Where pubs have been renamed, we usually list only the most recent known name here. Other names can be found in the Pub list tab. (For closed pubs which only traded for a short time under a newer name, we generally list them under the longer-established name)
Closed brewery (post-1970)
- Felixstowe Radio
- Felixstowe museum
- Landguard Bird Observatory
- Landguard Fort
- Parish council
- Port of Felixstowe
- Visit Felixstowe
Felixstowe in Domesday
Population (2011) of Felixstowe: 23 689.
Local licensing authority for Felixstowe is Suffolk Coastal.
Felixstowe is Suffolk's most southerly parish, containing the county's most southerly pub (The Dolphin). Daniel Defoe was of the opinion that Felixstowe was far enough south that it should be considered to be in Essex.
This town is mainly a modern residential settlement, which contains an Edwardian coastal holiday resort alongside the largest container port in the country. The parish of Walton (merged in 1895) retains a Victorian high street to the west of the main settlement whilst Felixstowe Ferry is a small separate hamlet about 2Km to north-east on the Deben estuary. The pier (redeveloped in 2017) dates from 1904 whilst the promenade was built in 1902.
A notable Edwardian feature was "Felixstowe Spa" located at the foot of Hamilton cliffs, with a natural spring and pump room. Walton Castle once stood in Felixstowe parish on high cliffs about a mile south of the early village. Its western foundations were about 187 yards in length but mostly washed away by about 1740. The same site is believed to have also been used by the Romans.
Also close to the modern container port is Languard Fort, which was originally built to defend Harwich in 1540 and was rebuilt in 1875 to help defend the coastline from French invasion. Today the fort is both a museum and an occasional arts venue and is well worth a visit, as is the nearby Landguard Point where you can enjoy a stunning view of the coastal estuary and modern docks.
The mouths of both rivers Orwell and Deben still suffer from shifting sands in stormy winters and require regular dredging.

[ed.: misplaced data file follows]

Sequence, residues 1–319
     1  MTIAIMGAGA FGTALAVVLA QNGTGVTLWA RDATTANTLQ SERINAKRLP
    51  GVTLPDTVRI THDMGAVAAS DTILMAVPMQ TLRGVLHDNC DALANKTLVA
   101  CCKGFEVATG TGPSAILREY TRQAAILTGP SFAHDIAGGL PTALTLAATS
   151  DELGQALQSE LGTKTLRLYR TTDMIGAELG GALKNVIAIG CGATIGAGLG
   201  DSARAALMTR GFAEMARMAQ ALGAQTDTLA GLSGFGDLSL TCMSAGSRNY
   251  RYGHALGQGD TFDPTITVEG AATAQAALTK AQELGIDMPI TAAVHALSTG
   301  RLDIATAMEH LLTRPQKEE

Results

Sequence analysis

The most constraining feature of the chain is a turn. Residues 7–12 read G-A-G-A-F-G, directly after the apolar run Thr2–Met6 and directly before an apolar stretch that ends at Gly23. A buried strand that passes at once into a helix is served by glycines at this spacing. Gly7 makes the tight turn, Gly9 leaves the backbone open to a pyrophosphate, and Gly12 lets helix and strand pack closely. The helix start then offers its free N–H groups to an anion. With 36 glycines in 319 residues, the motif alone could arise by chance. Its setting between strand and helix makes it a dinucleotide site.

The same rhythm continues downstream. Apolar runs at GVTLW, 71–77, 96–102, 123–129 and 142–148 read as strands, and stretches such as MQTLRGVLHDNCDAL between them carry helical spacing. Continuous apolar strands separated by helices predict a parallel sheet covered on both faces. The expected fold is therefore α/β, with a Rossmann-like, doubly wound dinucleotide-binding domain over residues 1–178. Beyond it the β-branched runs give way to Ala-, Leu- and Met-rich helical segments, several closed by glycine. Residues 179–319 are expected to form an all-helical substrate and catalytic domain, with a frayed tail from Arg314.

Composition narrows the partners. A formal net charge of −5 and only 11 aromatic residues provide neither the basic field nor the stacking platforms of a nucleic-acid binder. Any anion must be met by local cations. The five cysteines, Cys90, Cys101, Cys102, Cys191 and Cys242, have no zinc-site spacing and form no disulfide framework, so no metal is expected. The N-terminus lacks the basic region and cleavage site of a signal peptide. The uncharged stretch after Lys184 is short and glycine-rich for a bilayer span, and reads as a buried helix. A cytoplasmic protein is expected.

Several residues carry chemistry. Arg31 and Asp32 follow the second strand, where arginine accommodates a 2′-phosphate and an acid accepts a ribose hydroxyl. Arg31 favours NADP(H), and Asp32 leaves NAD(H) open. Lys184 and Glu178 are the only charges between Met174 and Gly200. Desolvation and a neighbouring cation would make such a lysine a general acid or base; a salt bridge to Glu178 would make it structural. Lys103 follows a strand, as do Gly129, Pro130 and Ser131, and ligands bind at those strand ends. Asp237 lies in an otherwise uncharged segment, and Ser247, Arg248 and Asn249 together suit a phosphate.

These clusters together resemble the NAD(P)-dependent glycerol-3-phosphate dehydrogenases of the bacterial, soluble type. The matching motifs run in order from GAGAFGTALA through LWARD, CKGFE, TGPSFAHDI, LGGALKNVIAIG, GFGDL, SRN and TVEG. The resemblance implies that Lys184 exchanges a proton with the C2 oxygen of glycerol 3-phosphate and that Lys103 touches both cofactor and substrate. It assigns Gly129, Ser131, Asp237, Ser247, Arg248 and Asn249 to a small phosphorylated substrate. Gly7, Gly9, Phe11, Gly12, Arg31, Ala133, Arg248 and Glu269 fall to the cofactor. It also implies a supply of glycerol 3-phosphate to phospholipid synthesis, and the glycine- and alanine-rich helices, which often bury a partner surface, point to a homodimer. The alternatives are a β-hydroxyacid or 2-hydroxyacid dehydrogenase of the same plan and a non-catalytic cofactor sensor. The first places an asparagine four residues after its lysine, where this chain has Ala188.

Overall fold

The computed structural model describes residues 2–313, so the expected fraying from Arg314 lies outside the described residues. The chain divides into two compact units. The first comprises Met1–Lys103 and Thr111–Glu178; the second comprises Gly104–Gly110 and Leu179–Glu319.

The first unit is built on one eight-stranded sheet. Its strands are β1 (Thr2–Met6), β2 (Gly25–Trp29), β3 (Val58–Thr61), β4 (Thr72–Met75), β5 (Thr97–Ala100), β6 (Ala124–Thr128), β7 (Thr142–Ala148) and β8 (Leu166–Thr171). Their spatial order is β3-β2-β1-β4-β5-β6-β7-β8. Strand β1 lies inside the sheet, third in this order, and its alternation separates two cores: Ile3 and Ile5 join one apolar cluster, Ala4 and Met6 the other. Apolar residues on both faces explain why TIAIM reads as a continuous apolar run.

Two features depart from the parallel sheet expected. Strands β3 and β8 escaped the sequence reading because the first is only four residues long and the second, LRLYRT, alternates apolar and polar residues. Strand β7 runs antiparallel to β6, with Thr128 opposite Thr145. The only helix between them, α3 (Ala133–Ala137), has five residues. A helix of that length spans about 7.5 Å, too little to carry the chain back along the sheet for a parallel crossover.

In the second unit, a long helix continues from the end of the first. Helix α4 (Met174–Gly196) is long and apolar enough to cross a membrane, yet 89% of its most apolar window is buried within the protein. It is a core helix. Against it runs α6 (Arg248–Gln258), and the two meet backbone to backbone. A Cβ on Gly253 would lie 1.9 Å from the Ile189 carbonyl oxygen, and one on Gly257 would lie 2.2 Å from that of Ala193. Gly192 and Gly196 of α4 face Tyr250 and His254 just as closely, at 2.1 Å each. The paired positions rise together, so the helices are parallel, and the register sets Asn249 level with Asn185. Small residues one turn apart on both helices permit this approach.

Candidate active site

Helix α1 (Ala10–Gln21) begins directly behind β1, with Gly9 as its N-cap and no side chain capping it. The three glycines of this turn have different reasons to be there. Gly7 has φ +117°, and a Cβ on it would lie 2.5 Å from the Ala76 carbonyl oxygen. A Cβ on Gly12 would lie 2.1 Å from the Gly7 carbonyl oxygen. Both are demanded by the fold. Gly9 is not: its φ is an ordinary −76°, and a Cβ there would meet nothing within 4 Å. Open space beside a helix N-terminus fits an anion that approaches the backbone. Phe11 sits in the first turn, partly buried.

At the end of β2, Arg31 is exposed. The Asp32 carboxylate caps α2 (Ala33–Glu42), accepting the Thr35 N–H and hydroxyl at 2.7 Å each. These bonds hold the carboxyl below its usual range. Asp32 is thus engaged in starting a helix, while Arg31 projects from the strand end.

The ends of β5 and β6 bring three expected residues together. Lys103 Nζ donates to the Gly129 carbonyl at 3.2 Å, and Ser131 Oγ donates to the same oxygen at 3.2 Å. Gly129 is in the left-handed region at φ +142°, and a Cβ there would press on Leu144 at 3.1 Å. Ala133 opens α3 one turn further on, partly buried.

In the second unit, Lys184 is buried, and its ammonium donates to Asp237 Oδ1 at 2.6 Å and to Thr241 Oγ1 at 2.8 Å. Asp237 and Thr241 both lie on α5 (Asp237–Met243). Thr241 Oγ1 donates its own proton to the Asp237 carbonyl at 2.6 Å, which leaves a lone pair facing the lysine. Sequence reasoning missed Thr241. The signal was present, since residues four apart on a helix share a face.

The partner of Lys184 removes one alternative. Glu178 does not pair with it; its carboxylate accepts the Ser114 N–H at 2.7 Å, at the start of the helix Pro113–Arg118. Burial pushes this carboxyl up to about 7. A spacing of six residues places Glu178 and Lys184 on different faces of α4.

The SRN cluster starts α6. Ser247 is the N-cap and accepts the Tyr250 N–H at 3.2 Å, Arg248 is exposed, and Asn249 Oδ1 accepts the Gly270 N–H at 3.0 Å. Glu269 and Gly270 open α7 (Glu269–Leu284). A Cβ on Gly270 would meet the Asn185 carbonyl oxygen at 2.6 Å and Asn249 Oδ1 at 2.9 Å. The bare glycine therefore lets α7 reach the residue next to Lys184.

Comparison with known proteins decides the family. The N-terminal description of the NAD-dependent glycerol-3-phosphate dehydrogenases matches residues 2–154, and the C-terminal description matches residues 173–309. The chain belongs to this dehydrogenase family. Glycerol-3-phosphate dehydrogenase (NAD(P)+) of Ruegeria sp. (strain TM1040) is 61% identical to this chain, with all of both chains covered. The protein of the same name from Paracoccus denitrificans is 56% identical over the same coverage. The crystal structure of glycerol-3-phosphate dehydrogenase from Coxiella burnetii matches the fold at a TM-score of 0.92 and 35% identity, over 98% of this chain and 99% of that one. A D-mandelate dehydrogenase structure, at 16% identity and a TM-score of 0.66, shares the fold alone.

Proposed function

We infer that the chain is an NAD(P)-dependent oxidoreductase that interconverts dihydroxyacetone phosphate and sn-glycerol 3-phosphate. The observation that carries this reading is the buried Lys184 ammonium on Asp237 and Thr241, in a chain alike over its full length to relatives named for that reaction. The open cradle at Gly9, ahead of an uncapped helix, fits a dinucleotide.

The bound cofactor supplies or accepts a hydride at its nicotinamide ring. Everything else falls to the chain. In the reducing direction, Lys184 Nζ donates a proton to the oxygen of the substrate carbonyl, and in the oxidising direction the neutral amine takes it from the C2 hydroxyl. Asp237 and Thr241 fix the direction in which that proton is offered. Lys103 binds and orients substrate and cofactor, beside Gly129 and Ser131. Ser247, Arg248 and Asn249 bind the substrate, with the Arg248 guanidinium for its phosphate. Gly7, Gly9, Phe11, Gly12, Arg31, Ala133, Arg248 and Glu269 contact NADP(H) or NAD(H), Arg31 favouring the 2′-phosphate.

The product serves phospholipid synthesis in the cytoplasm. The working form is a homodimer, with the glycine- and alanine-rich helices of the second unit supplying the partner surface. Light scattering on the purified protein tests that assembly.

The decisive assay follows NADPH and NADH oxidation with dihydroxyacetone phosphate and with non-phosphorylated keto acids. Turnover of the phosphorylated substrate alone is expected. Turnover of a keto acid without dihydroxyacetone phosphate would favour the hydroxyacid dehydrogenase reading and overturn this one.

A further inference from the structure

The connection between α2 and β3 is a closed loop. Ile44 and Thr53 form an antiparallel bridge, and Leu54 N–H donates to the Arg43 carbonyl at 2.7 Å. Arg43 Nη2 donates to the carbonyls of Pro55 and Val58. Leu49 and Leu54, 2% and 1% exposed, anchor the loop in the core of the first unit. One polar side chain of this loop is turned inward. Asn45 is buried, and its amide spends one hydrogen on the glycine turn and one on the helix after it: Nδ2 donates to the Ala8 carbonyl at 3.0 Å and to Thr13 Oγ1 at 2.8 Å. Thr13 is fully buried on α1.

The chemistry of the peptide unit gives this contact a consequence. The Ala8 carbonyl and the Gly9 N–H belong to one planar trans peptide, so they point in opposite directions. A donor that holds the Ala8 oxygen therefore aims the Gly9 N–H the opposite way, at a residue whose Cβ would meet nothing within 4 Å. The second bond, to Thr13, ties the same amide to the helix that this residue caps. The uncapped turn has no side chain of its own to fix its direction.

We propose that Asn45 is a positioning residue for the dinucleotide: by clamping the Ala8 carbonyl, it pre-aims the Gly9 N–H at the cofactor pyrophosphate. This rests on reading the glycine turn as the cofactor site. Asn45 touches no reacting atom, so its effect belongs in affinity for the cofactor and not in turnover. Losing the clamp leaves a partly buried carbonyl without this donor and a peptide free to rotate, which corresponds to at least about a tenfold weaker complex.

The container port is partly built on the former First World War flying station. RAF Felixstowe was active as an air station for nearly 50 years, but little now remains of this historic base. From August 1913, early flying was dominated by seaplanes. After a busy decade of operations and the building of three hangers, from March 1924 the Marine Aircraft Experimental Establishment (MAEE) was based here for the trialling of all UK seaplanes and flying boats including both the 1929 & 1931 Schneider Trophy winners. (NB: On Sunday 13th September 1931 Flt. Lt J N Bootham (RAF) in a Southampton-built Supermarine S6B seaplane averaged 340.08mph around a 217-mile circuit over the Solent to win the Schneider Trophy outright for Great Britain).
For a while T.E.Laurence (of First World War Arabia fame) was also based at RAF Felixstowe as an engineer, before his sudden death in March 1935. The MAEE moved to Scotland during the Second World War and the balloon barrage around nearby Harwich virtually precluded most flying except for the maintenance of some massive Short's Sunderlands and various Supermarine Walruses (used for air-sea rescue). From 1945 until March 1956 the MAEE returned until the base closed. Air-sea rescue also continued with Whirlwind helicopters based at Felixstowe until May 1961.
Wallace Simpson was a guest in the town for several months in 1936 until her decree nisi was granted in Ipswich court, which cleared the legalities for her subsequent marriage to Edward Windsor (and which subsequently caused his abdication). Sadly the house that she stayed in has since been demolished.
Some details from "Suffolk Airfields in WW2" by Graham Smith.